Apes form unusual bond at Brookfield Zoo

Thani, a 3-year-old white-cheeked gibbon at Brookfield Zoo recently met Kekasih, a 4-year-old orangutan, while exploring more of the zoo's Tropic World Asia exhibit. Guests may occasionally see Thani jump from the high trees in the indoor habitat to the large peninsula to visit his new friend. ( Jim Schulz/Chicago Zoological Society)
February 5, 2013 3:48:25 PM PST
Kekasih, a 4-year-old orangutan, has a new friend. Thani, 3, is a white-cheeked gibbon. Both apes live in Tropic World Asia at Brookfield Zoo, and their friendship is blossoming.

"All of a sudden Thani decided, about six weeks ago, to jump over to orangutan peninsula and visit Kekasih," Craig Demitros, Brookfield Zoo associate curator of primates, said.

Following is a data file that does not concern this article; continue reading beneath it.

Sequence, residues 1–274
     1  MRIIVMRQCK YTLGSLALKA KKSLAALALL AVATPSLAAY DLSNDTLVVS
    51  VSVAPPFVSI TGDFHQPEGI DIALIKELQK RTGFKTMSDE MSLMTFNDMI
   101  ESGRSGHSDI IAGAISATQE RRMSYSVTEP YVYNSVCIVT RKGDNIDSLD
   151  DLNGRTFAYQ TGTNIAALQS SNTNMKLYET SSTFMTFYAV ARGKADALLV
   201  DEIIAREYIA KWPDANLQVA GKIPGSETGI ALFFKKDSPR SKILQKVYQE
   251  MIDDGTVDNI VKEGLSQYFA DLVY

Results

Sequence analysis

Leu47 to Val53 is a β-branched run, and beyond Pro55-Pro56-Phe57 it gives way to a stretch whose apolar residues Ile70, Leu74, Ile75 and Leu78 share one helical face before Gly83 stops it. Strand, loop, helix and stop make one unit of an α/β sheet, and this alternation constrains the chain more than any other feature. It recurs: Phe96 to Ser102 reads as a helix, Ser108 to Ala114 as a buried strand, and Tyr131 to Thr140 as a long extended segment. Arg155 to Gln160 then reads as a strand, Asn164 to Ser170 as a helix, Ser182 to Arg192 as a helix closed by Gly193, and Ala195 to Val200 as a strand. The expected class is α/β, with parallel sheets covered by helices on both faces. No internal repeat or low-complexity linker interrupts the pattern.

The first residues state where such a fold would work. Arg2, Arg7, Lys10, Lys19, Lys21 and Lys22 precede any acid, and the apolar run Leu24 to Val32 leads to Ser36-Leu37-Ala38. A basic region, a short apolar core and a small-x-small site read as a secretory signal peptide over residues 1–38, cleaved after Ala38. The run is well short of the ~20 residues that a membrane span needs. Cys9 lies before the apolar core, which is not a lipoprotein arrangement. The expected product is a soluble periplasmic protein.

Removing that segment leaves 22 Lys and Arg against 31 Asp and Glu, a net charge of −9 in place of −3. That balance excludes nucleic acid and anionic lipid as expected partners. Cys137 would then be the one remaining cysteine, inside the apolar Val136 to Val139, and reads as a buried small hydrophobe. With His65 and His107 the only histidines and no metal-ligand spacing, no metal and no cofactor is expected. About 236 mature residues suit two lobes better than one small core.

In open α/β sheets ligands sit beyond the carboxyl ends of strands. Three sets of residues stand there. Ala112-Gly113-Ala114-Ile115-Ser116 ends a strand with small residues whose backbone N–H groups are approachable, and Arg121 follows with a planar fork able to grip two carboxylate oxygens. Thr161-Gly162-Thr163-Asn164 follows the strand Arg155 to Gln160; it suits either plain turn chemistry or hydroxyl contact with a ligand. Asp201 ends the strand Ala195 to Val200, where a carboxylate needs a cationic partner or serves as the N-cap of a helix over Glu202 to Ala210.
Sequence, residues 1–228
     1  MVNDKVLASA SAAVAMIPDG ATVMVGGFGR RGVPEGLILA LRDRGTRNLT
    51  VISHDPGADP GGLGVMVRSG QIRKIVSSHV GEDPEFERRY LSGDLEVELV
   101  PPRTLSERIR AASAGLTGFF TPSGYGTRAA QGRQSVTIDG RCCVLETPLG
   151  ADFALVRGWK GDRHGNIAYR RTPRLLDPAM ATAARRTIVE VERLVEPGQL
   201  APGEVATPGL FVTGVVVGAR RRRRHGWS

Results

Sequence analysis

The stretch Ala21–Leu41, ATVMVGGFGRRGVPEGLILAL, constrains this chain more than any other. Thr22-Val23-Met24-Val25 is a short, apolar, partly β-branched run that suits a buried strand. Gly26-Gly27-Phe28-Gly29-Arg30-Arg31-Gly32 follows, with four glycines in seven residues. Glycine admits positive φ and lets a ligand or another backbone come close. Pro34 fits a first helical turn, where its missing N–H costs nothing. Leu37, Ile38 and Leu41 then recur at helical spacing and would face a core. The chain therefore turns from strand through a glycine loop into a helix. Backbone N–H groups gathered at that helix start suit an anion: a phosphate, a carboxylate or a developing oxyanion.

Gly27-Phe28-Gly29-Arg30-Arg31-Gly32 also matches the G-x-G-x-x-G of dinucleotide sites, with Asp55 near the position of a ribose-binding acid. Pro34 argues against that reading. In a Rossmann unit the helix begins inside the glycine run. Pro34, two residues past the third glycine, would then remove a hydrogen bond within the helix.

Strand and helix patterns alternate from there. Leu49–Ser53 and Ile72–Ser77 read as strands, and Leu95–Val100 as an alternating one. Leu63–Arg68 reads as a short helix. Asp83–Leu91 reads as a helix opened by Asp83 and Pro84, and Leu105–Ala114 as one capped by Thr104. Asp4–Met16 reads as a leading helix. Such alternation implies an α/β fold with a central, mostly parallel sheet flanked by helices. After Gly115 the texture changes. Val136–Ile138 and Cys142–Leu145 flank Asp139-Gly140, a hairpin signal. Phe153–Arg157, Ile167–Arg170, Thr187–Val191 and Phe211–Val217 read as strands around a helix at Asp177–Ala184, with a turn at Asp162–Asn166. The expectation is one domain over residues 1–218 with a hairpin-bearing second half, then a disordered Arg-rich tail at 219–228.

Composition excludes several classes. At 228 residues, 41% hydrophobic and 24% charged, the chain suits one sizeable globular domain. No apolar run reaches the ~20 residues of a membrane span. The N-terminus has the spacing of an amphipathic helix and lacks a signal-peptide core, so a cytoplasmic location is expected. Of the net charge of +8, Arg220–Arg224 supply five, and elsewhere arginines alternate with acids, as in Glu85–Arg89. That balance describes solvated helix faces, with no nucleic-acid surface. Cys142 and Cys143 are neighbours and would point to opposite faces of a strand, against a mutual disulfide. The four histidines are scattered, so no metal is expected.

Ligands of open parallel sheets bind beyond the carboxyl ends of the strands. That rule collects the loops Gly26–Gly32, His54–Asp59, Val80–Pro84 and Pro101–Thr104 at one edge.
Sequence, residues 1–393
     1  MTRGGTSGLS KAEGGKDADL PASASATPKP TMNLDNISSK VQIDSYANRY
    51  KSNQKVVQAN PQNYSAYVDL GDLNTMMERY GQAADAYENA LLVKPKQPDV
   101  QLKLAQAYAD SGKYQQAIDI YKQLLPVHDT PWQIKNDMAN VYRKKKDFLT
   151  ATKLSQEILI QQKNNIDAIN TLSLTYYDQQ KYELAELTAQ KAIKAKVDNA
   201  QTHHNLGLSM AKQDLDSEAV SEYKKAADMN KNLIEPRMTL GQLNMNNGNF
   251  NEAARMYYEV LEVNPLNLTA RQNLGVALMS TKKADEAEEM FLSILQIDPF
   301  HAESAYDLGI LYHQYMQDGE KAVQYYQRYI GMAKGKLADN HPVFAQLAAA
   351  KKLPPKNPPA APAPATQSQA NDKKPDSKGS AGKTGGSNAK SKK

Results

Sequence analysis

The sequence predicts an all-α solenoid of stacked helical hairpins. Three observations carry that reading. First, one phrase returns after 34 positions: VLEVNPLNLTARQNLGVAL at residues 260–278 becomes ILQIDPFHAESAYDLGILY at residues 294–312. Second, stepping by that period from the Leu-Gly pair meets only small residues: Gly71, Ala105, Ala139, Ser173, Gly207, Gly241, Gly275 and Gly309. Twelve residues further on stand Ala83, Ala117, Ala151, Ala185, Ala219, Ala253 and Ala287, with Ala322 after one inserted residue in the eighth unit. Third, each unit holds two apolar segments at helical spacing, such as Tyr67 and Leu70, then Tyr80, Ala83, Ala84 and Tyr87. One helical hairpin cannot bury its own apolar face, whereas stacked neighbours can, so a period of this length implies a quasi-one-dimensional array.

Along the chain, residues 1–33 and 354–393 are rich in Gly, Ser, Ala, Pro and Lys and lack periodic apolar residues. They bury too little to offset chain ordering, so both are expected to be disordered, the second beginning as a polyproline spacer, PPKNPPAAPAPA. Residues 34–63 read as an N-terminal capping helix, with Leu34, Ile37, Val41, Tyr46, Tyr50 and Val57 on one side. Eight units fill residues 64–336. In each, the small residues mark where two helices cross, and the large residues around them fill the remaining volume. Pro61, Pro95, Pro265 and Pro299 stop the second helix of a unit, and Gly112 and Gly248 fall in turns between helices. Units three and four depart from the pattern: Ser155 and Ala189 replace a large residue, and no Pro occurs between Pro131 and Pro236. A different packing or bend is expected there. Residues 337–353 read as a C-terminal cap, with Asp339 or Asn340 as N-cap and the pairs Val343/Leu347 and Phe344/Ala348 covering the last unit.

Thani doesn't spend his whole day visiting his red-haired friend; he spends most of his time with his family. But Kekasih? Well, she spends many anxious moments apparently pining away for her new friend.

After about an hour wait, Thani popped up out of nowhere. At first, the two sized each other up. They didn't make much contact. But now, after several weeks, the two apes have become swinging huggers.

"That's basically play behavior," Demitros said. "Sort of play wrestling, arm wrestling, leg wrestling."

While there are reports of other different species of apes having play-dates, it's not something that happens in the wild: the gibbon ape is from Southeast Asia; the orangutans are from Borneo.

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